Majestic mountains ensconced in a veil of clouds. Sparkling water on sandy beaches. Tranquil lakes with wildlife surrounding their shores. When I think of taking a vacation, oceans, mountains, or lakes come to my mind. When given a choice, I like to head east or west or–if I’m fortunate–out of the country altogether for a vacation. COVID-19, though, has reshaped my view of vacation destinations. Stay in the Midwest? Sure! Stay in the state of Indiana? Why not? Stay landlocked? Let’s do it! My family has enjoyed three different vacation destinations that we may have overlooked had COVID-19 not encouraged us to stay close to home. We explored the following three destinations over long weekends this past summer, fall, and winter.
Bedford, Indiana: We made our way to Bedford during the summer for a farm stay. We found an Airbnb on a farm where cows strolled in our backyard. The farm, which had been in the family for generations, had a creek, multiple streams, and steeper acreage within the partially-forested cow fields for us to explore. We ventured to Spring Mill State Park (gorgeous!) and saw the mill and splashed in the idyllic stream on a sweltering day during our farm stay. Though we did not experience it ourselves, we heard amazing reviews about the Bluespring Caverns Mystery Voyage Ride. Exploring an underground river is right up our alley, but children under four are not currently allowed on this ride. We found this midwest town slower-paced and relaxing.
Madison, Indiana: We stayed in an Airbnb in downtown Madison over the long Thanksgiving weekend. We were a mile away from Clifty Falls State Park’s entrance and within walking distance of a few coffee shops and restaurants on the edge of Madison’s downtown. Downtown is eclectic and well-curated, and we could tell that Madison residents took pride in their shops and services. We wandered along the Ohio River on a path designed for walkers, runners, and bikers and explored Hanover College with its scenic midwest views and park-like setting. My husband raved about the coffee each time we tried a new shop, and I loved all the chocolates we bought and sampled.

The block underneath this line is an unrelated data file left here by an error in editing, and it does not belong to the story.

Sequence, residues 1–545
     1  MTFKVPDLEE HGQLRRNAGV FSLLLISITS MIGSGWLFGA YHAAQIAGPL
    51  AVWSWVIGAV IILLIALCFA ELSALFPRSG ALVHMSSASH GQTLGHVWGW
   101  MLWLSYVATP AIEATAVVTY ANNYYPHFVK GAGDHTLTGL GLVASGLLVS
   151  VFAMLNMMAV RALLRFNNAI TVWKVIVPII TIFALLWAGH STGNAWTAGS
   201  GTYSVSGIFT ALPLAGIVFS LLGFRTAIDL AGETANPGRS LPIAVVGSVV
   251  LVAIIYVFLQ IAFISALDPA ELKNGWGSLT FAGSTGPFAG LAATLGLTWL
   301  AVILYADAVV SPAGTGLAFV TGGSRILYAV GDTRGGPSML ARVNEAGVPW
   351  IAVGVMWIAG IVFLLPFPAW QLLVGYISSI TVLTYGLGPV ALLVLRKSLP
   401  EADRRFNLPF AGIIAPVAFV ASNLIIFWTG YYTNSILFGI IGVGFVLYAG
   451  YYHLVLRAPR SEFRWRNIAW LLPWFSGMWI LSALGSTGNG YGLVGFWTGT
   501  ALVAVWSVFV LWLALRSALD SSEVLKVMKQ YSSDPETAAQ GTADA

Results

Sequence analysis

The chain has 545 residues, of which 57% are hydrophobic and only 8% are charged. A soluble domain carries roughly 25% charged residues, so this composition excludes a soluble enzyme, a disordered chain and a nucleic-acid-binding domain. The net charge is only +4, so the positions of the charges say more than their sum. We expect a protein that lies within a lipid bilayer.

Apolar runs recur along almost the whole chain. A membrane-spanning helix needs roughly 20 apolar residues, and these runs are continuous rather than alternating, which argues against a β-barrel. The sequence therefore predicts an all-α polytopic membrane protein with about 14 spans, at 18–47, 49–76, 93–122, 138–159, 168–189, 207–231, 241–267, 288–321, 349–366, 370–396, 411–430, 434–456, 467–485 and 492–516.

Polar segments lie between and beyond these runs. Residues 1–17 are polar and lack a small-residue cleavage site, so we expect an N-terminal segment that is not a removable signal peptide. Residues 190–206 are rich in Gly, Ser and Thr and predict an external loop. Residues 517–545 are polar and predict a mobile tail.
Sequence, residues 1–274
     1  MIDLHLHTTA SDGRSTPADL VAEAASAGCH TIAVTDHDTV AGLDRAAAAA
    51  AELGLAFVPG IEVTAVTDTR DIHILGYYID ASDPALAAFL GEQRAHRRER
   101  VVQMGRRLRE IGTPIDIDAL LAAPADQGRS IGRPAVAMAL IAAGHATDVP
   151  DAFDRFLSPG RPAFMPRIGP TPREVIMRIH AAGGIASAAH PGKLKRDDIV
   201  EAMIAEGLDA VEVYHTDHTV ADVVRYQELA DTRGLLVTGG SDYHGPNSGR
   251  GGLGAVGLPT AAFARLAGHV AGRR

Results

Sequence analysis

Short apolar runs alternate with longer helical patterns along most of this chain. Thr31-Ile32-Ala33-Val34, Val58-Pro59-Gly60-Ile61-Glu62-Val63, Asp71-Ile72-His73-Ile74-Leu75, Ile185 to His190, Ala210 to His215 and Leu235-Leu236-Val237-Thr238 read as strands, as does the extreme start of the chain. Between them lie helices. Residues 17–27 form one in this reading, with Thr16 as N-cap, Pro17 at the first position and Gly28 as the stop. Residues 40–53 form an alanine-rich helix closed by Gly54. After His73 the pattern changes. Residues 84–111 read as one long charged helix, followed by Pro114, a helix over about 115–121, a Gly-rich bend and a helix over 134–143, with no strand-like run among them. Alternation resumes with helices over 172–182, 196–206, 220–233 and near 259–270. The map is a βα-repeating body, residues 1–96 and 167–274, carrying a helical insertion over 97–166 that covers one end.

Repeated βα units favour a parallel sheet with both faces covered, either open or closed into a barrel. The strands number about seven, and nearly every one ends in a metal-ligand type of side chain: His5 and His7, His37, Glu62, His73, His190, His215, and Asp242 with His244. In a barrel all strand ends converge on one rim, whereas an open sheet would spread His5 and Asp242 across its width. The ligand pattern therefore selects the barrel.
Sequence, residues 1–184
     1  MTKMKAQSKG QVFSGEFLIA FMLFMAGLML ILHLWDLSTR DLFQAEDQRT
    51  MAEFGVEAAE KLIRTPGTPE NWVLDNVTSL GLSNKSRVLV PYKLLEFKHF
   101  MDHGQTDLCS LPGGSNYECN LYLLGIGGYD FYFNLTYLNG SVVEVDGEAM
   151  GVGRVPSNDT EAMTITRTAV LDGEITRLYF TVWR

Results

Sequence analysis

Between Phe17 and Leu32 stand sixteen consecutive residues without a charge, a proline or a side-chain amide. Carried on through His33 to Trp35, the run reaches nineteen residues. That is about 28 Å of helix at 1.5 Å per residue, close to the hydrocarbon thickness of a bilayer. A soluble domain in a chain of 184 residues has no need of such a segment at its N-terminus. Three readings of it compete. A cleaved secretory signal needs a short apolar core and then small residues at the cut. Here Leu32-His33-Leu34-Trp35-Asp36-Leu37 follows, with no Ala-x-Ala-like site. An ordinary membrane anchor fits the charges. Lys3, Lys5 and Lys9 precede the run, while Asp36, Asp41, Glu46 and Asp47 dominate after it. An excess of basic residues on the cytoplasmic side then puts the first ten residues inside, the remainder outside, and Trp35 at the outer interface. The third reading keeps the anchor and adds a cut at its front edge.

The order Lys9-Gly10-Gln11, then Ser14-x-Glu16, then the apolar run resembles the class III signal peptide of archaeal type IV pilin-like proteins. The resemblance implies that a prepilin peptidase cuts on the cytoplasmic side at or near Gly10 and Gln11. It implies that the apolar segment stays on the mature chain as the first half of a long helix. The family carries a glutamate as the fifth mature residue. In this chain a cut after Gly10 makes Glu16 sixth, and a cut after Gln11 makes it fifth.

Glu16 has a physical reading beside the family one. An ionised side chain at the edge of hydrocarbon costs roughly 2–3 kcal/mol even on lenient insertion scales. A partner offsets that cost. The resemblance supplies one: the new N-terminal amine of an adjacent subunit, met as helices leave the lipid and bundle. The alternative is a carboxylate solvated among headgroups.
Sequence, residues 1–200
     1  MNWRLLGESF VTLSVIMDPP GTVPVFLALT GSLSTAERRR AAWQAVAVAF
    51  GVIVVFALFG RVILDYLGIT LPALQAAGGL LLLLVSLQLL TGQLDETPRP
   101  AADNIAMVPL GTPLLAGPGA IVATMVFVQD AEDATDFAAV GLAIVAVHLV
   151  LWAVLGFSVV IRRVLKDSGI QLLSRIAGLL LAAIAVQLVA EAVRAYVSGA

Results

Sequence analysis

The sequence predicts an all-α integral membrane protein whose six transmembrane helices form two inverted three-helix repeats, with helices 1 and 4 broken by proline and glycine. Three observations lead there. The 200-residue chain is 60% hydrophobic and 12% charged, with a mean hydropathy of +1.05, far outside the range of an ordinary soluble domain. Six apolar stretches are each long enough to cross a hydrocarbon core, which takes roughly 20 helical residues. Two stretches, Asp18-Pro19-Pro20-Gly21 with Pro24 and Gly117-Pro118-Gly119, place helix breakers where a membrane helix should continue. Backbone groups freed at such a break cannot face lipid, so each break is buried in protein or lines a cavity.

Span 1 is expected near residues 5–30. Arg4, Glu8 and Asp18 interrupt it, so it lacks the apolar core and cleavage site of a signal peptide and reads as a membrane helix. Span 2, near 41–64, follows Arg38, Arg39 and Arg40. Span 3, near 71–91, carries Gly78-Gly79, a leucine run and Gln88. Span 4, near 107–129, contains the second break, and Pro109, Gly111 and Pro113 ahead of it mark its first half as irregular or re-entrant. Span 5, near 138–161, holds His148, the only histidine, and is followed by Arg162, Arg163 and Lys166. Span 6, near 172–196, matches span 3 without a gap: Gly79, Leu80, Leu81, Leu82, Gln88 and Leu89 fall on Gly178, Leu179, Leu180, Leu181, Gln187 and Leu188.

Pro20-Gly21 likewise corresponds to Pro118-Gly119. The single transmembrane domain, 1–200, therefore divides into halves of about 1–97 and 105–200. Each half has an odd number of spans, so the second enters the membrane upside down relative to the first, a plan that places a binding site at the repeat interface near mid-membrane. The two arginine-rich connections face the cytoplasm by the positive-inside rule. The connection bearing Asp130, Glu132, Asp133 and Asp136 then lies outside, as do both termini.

Yellow Springs, Ohio: This town sits just outside of Dayton and is actually considered a village due to its size. We became familiar with it after watching David Letterman interview Dave Chapelle who counts Yellow Springs as his home. Chapelle touted the town as welcoming and progressive, and we found he was absolutely right. Our Airbnb was situated in the heart of the village, and all shops were within a five-minute walk. All shop and restaurant owners were friendly and helpful, and people were serious about staying safe from the coronavirus. There was a town parade to celebrate Martin Luther King on the morning of his official holiday that we watched from our balcony. We hiked one of the trails in Glen Helen Nature Preserve that leads you to the town’s namesake: the Yellow Springs. This trail was family-friendly as we were able to hike it in the snow with our three-year-old daughter, and it was fun to see the springs that David Letterman dunked his head in during the interview with Chapelle.
These three trips in the midwest have made our time at home (because we have had LOTS of time at home) way more palatable. It’s been fun going on “adventures”–as we call them in our family–but also staying close. I would encourage you to look for destinations that may be closer to home and, therefore, easier to overlook. Throughout our midwest adventures, we were able to see sparkling waters (creeks and rivers), majestic mountains (well, hills), and even some cows and wildlife. And you know what? They were magical.